Answered By: Paul Lai Last Updated: Aug 03, 2021 Views: 266
- Transitioning into Better Writing blog post
- Podcast Episode 33: Tackling Transitions
- Transitions webpage
- Podcast Episode 38: The Literature Review Matrix: What It Is, How to Use It, and How to Make It Work for You
- Literature Review Matrix
- Synthesis and Thesis Development webinar
© Walden University Writing Center 2021
CLAIRE: Welcome to Write Cast: A Casual Conversation for Serious Writers, a monthly podcast by the Walden University Writing Center. I’m Claire Helakoski,
KACY: and I’m Kacy Walz.
TEASER: You’re ultimately forming a new thing that is yours alone…
CLAIRE: Hi, everyone! This month Kacy and I are going to talk a bit about the concept of synthesis—what is it? How do you achieve synthesis in your writing?
KACY: Right, and before we get into that let’s touch for a moment on paraphrasing, as that’s a building block to synthesis. Paraphrasing is when you read something from a source and re-write it in your own words and your own sentence structure, and of course you’re still going to add a citation even though you’ve put it into your own words and sentence structure.
CLAIRE: We won’t dig too much into paraphrasing nuances because that might be tricky in an audio format for our listeners since it involves reviewing sections of text, or even whole studies! And then rephrasing those on your own and citing them. We have loads of great interactive resources on paraphrasing, though, and we will link to those at the end of the episode.
KACY: So, now after that very brief talk about paraphrasing, let’s talk about synthesis. Synthesis is when you take the ideas from multiple sources—so you use the paraphrasing you’ve created from more than one source—and place them in conversation. This can look different depending on how you are using the information, but it should involve at least a sentence or probably a couple of sentences, and sometimes even whole paragraphs, where you are comparing, contrasting, adding to, or even refuting the ideas between sources.
CLAIRE: And that seems complicated from the outside, but I will bet that it is something you are mentally doing already. So you’re doing the brain work. And you might be wondering, “well how do I know what pieces of evidence to compare or use for synthesis?” The answer is one of those frustrating non-answers where I tell you that it depends—it depends. It depends on your thesis, it depends what you’ve read or been assigned to read, it depends on the type of assignment—lots of factors here. But there are some ways you can keep up and prepare for synthesis in your writing, and the first big one is to take notes as you read! Highlight themes and ideas that are similar or familiar. Make notes that connect and question and remind you of something you read recently or in a past course or on your own. Pull quotes, page numbers, or anything else that seems relevant into a separate document so that you can visually look over ideas and see themes and connections more easily.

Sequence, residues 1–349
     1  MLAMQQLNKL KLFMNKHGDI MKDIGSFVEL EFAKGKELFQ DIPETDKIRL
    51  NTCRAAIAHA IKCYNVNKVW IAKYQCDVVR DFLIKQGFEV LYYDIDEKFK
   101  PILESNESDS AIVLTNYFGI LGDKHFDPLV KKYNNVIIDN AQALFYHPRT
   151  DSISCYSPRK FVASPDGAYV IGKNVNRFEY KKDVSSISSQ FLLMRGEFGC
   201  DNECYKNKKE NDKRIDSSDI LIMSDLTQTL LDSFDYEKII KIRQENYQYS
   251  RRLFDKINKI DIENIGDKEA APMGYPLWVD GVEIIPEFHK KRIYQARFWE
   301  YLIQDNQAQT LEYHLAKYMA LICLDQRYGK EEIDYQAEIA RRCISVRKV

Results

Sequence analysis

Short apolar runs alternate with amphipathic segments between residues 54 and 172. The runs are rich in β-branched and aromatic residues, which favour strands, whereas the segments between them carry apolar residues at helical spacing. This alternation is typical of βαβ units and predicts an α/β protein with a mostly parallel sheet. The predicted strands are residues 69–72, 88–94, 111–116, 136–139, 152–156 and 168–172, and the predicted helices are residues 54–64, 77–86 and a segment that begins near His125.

KACY: We actually have a resource that will help you do exactly that. If you’re not familiar with our Literature Review Matrix, you can listen to Episode 38: The Literature Review Matrix: What It Is, How to Use It, and How to Make It Work for You. The literature review matrix is a great tool you can use at any stage in your program and, really, the earlier the better!
CLAIRE: And we talked about this in our last episode because its such a great resource. It was about how to start writing rather than synthesis but taking notes while you read has so many uses. And the literature review matrix can be used in many different ways because it is a flexible, customizable tool.
So once you have organized your information or put it aside, then you are prepared to start synthesizing because you will understand how the different pieces of evidence touch on similar topics and how they are similar or different. That’s how you can then use that information to forward your argument and provide the reader information. For example if I have some evidence that had opposing findings, I might say that’s a good reason to fill this research gap and continue more research because clearly both of these high-quality studies had findings are opposites. And that means there was a flaw somewhere, because both things can’t be true. If most research has findings that agree, then I can put that together and strengthen my claim. So I could say, “this is a fact, moving on…” To kind of group those findings together. And you could even cite multiple sources in the same sentences when you’re using synthesis if they had the same findings, so you’re kind of paraphrasing multiple sources’ findings at once when they align.
KACY: And what Claire was talking about, in terms of using research and how multiple agreements really help to strengthen an idea you’ve had, that’s another key part of synthesis: you have to make some kind of claim or point that is yours alone. You’re using information from multiple sources, but by comparing/contrasting/building upon them, you’re ultimately forming a new ‘thing’ that is yours alone. And since it is unique, you’ll need to make sure you’re using clear connection words like “however”, “alternatively”,” comparatively” to make a contrast, “additionally”, “in agreement”, “and” for when two sources agree, “consequently”, “as a result” for when one thing leads to another, etc. (We’ve got pages dedicated to these words on our website because these are obviously not your only choices and they can be extremely helpful for building synthesis!)